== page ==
“Probably the greatest tragedy of the church throughout its long and checkered history has been its constant tendency to conform to the prevailing culture instead of developing a Christian counter-culture.” “Tolerance is not a spiritual gift; it is the distinguishing mark of postmodernism; and sadly, it has permeated the very fiber of Christianity. Why is it that those who have no biblical convictions or theology to govern and direct their actions are tolerated and the standard or truth of God's Word rightly divided and applied is dismissed as extreme opinion or legalism?”
“What we need is not more learning, not more eloquence, not more persuasion, not more organization, but more power from the Holy Spirit. Without the Holy Spirit, Christian discipleship would be inconceivable, even impossible. There can be no life without the life-giver, no understanding without the Spirit of truth, no fellowship without the unity of the Spirit, no Christlikeness of character apart from His fruit, and no effective witness without His power. As a body without breath is a corpse, so the church without the Spirit is dead.”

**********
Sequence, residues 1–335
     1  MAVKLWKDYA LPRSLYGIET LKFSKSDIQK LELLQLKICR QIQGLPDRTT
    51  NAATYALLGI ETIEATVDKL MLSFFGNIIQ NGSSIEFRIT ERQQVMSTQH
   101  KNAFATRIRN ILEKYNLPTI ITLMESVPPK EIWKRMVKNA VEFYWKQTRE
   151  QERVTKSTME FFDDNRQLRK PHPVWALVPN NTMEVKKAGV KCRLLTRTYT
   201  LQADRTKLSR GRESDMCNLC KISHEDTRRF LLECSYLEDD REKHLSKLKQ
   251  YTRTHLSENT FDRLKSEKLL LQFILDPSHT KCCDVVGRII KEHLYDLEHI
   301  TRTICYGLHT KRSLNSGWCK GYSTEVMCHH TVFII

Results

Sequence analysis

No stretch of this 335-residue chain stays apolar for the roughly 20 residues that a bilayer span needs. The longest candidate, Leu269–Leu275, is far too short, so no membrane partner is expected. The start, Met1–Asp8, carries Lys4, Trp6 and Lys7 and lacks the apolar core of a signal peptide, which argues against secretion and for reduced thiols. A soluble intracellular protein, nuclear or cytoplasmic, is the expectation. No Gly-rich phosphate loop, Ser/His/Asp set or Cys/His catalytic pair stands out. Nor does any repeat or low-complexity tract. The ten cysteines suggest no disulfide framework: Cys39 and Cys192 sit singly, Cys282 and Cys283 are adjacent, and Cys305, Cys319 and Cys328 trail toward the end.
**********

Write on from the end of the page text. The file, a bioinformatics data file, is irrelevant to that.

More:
“At the cross in holy love God through Christ paid the full penalty of our disobedience himself. He bore the judgment we deserve in order to bring us the forgiveness we do not deserve. On the cross divine mercy and justice were equally expressed and eternally reconciled. God's holy love was 'satisfied.'
“An unchurched Christian is a grotesque anomaly. The New Testament knows nothing of such a person. For the church lies at the very center of the eternal purpose of God. It is not a divine afterthought. It is not an accident of history. On the contrary, the church is God's new community. We are sent into the world, like Jesus, to serve. For this is the natural expression of our love for our neighbors. We love. We go. We serve.”
Every time we look at the cross Christ seems to say to us, 'I am here because of you. It is your sin I am bearing, your curse I am suffering, your debt I am paying, your death I am dying.' Nothing in history or in the universe cuts us down to size like the cross.
“These then are the marks of the ideal Church - love, suffering, holiness, sound doctrine, genuineness, evangelism and humility. They are what Christ desires to find in His churches as He walks among them.